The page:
UTRECHT, The Netherlands - The 12.5 billion guilder ($7.56 billion) Spoorweg Pensioenfonds has picked Fischer, Francis, Trees & Watts, London, to manage a non-Dutch active bond portfolio, said Ton Groeneveld, managing director of investments.
The size of the portfolio was not disclosed, but it represents the railway fund's first non-Dutch bond investments. Fischer Francis will invest in U.S., U.K., French, German and Japanese bonds. No consultant was used.
Last fall, the fund named Wells Fargo Nikko Investment Advisors, San Francisco, to manage its first non-Dutch equity investments. The passive portfolios invest in the same countries as the bond investments.
Restraints prohibiting foreign investments were lifted last year.
The (pounds) 840 million ($1.34 billion) Kent County Council Superannuation Fund, Maidstone, England, hired Schroder Investment Management Ltd. to manage a (pounds) 134 million balanced portfolio, said Surjit Lale, investments manager.
Schroder replaces Henderson Pension Fund Management.
Watsons Investment Consultancy assisted.
Proposed U.K. minimum solvency rules threaten the survival of defined benefit plans, Richard Lapthorne, finance director of British Aerospace PLC, said at the National Association of Pension Funds' investment conference.
Companies bear a high risk of being forced to make cash infusions into their pension funds under the proposed rules, he said. There is a 38% chance of being forced to contribute (pounds) 100 million into a (pounds) 2 billion pension fund that is 95% funded and 80% invested in equities.
Lowering equity exposure to 60% greatly reduces the risk of forced contributions to 13% but greatly increases company costs, he said.
Mr. Lapthorne said recent government easing of the proposed rules are inadequate.
However, Penny Webster, an actuary with Bacon & Woodrow, said concerns over cash infusions have been overstated.
Alistair Darling, the U.K. Labour Party's spokesman on financial services, said a Labour-appointed group will review the tax system's effect on long-term investment in Britain.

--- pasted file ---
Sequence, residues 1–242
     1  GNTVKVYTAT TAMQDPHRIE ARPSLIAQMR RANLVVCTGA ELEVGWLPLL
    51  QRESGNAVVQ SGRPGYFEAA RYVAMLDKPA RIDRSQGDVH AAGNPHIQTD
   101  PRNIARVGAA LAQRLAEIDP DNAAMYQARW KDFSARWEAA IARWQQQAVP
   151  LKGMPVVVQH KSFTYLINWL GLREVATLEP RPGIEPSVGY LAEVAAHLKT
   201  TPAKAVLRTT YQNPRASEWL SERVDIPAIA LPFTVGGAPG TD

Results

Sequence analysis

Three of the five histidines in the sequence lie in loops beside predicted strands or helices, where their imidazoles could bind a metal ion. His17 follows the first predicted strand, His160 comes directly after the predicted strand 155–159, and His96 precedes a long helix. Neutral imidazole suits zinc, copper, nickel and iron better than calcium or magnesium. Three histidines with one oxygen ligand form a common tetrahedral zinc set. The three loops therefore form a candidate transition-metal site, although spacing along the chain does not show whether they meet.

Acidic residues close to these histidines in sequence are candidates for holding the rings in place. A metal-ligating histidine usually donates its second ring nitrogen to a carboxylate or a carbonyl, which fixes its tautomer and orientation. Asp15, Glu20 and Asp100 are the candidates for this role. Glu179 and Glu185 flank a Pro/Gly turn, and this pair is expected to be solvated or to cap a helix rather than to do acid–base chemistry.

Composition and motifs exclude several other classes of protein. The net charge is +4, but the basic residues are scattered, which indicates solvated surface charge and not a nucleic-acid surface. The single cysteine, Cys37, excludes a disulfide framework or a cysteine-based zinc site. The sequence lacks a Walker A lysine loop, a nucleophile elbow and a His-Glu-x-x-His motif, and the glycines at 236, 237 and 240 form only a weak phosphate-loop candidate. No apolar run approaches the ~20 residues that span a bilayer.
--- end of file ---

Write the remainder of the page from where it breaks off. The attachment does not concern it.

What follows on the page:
Mr. Darling said the Labour Party will revive a shelved study on long-term investment that had been spearheaded last year by Stephen Dorrell, then a junior Treasury minister.
Mr. Darling told the National Association of Pension Funds' investment conference that institutional investors and that pension funds in particular should "examine their demands on dividend flow."
U.K. pension funds have been charged with pressuring companies to maintain steady dividend growth, even during recessionary periods.
The Dorrell study had alarmed pension executives in the United Kingdom about potential tax law changes.
Separately, Mr. Darling said U.K. insider trading rules need to be reformed and regulatory authority should be handed to a government agency.
The current self-regulatory regime provides "no deterrent" to insider trading, according to Mr. Darling.
LONDON - Futures contracts based on new U.K. convertible and equity indexes were introduced by Smith New Court Securities Ltd., London.
The brokerage firm said there will be growing demand for U.K. convertibles; personal equity plans may start investing in the securities starting April 6.
Smith New Court officials estimate (pounds) 2 billion to (pounds) 3 billion will be invested in convertibles in the coming year.
In addition, current premiums over equities are low and convertibles will benefit from a low inflationary environment, according to the firm.
The SNC 35 Sterling Convertible Index is made up of the top 35 U.K.-issued sterling-based convertibles.
The SNC 35 Equity Equivalent Index replicates the underlying equity issues of the SCI index.
In 1994, the convertible index lost 13%, with dividends reinvested, while the underlying stocks fell 12.4%.
The indexes' overweighted positions in diversified industrials, household goods, transport and property stocks dragged down their performance, compared with the Financial Times Stock Exchange 100's -6.7% return for the year.
Forecasts that the FTSE-100 will reach 3500 this year and moderating expectations for dividend growth should aid the performance of convertibles this year, according to Smith New Court.
LONDON - G.T. Management PLC continues to rebuild its investment team.
Last summer, Roger Yates returned to G.T. as chief investment officer of its London operation, after six years at Morgan Grenfell Investment Services.
Now, Vivian Bazalgette is joining G.T.'s London operation as head of U.K. equities and pension funds.
He also has been named to G.T.'s board and its global investment policy committee.
Previously, Mr. Bazalgette was managing director of Gartmore Pension Fund Managers, London, where he also served as head of U.K. equities and served on the firm's global asset allocation committee.
He has not been replaced at Gartmore.
The manager runs about $6 billion in assets worldwide, of which (pounds) 1 billion is for U.K. pension funds.